Mongol-Okhotsk Geosynclinal System

The following article is from The Great Soviet Encyclopedia (1979). It might be outdated or ideologically biased.

Mongol-Okhotsk Geosynclinal System


one of the folded systems that make up the Urals-Mongol folded geosynclinal belt; more than 2,000 km long, it stretches from northeastern Mongolia to the western coast of the Sea of Okhotsk. This territory was first identified as a geochemical zone in 1926 by A. E. Fersman, who called it the Mongol-Okhotsk belt. In the north the Mongol-Okhotsk geosynclinal system is bounded by the deep Mongol-Okhotsk faults; in the south its boundaries are the Bureia massif and the system of South Gobi faults. Riphean and Lower and Middle Paleozoic stages of geosynclinal development are present in the structure of the Mongol-Okhotsk geosynclinal system. During the Upper Paleozoic and Lower Triassic almost the entire territory was in an erogenic stage that was accompanied by the intrusion of enormous masses of granitoids. During the Permian the eugeosynclinal troughs were preserved only in the East, in the region where the MongolOkhotsk geosynclinal system is connected with the younger Sikhote-Alin’ geosynclinal system.

The Mesozoic structures of the Mongol-Okhotsk geosynclinal system (Upper Triassic-Upper Cretaceous) are considered by some researchers to be geosynclinal, while others believe they are structures of granitoid activation. These structures are characterized by marine and continental molassoid and carboniferous beds combined with extensive development of terrestrial volcanism (andesite formation) and the intrusion of comagmatic granitoids of abyssal volcanoplatonic formation. Deposits of lead and zinc ore, gold, tin, tungsten, fluorite, and other minerals are associated with Mesozoic magmatism.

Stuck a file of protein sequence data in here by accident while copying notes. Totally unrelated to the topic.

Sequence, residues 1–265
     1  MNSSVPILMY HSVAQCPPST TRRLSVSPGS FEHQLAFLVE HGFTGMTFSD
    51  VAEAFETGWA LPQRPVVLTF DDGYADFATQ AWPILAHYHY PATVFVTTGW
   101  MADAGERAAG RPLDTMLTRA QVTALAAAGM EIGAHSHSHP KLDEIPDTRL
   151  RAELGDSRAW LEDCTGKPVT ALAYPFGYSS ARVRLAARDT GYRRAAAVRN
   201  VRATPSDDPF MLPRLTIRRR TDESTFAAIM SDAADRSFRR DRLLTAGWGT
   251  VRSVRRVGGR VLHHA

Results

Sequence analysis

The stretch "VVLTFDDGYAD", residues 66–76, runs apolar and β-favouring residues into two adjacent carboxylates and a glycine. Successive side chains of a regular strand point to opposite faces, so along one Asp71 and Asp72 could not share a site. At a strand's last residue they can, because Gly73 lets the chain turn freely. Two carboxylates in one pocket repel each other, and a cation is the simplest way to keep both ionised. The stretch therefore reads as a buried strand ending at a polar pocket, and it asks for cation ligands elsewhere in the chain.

Nagibina, M. S. Tektonika i magmatizm Mongolo-Okhotskogo poiasa. (Tr. Geologicheskogo in-ta, fasc. 79.) Moscow, 1963.
Nagibina, M. S. Stratigrafiia i formatsii Mongolo-Okhotskogo poiasa. Moscow, 1969.
Tektonika Evrazii. Moscow, 1966.


The Great Soviet Encyclopedia, 3rd Edition (1970-1979). © 2010 The Gale Group, Inc. All rights reserved.